Saturday, June 7, 2014

Eric Helleiner's "Forgotten Foundations of Bretton Woods"

Eric Helleiner is Professor and Faculty of Arts Chair in International Political Economy, Department of Political Science and Balsillie School of International Affairs, University of Waterloo.

He applied the “Page 99 Test” to his new book, Forgotten Foundations of Bretton Woods: International Development and the Making of the Postwar Order, and reported the following:
I certainly didn’t plan this outcome, but I’m delighted to report that page 99 of my book is a vitally important one. Let me explain.

Any student taking an introductory course in economics or world politics learns about the famous 1944 Bretton Woods conference. The meeting created new rules for the postwar world economy as well as institutions such as the World Bank and International Monetary Fund that remain at the center of global financial governance today.

Although forty four governments were represented, students are usually taught that the Bretton Woods negotiations were de facto a bilateral affair between US and British policymakers who largely ignored the concerns and voices of developing countries. My book shows how incorrect that conventional view is. (I have had to completely rewrite my own lecture notes in the process of researching this book).

Drawing on extensive new archival material, I show how US officials in particular saw the Bretton Woods negotiations as an opportunity to promote a new kind of global economic order that would be supportive of the development aspirations of poorer countries. Page 99 starts a chapter that demonstrates the strength of the American commitment to this innovative international development vision, a vision that had emerged initially out of extensive US consultations with Latin American officials even before the Bretton Woods negotiations began.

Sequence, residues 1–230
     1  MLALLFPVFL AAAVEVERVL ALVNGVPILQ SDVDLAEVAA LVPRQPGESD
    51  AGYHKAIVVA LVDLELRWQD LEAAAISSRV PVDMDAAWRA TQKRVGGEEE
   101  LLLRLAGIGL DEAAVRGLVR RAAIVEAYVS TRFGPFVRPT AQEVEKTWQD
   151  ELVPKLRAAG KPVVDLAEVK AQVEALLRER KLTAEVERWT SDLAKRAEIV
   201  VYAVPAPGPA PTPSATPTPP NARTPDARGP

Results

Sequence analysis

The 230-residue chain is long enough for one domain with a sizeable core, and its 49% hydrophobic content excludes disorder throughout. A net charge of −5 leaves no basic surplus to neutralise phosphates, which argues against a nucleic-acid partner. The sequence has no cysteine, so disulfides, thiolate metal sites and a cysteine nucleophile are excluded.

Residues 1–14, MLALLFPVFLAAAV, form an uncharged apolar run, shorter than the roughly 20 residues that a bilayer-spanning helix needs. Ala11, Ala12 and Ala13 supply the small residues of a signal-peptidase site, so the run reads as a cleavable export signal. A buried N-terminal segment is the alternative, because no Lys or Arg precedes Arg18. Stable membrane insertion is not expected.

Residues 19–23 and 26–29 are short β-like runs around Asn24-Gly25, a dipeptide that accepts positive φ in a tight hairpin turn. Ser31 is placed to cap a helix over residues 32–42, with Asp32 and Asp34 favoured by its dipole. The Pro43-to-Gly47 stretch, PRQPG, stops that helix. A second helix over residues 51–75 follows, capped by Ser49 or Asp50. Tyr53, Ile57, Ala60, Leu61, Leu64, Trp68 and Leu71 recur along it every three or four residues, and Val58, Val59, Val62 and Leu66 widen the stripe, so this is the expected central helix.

Subsequent chapters demonstrate that this vision was also strongly supported by delegations from poor regions of the world including not just Latin American countries but also those from China, India, and Eastern Europe. The Bretton Woods agreements, in other words, were a product of much more than just Anglo-American discussions. They emerged from a new kind of “North-South” dialogue between rich and poor countries, out of which the pioneering international development goals of the meeting were born.

The ambitious nature of Bretton Woods international development objectives did not survive the early Cold War years for some political reasons explained in the book. But I argue that these forgotten foundations of Bretton Woods remain highly relevant today when emerging powers such as China, India, and Brazil are seeking to reform the global economic order to better serve their development goals. The ideas of the Bretton Woods architects – who included many officials from these very countries - anticipated contemporary debates on this topic to a remarkable extent and they deserve renewed attention as we celebrate the 70th anniversary of the famous 1944 meeting this year.
Learn more about Forgotten Foundations of Bretton Woods at the Cornell University Press website.

--Marshal Zeringue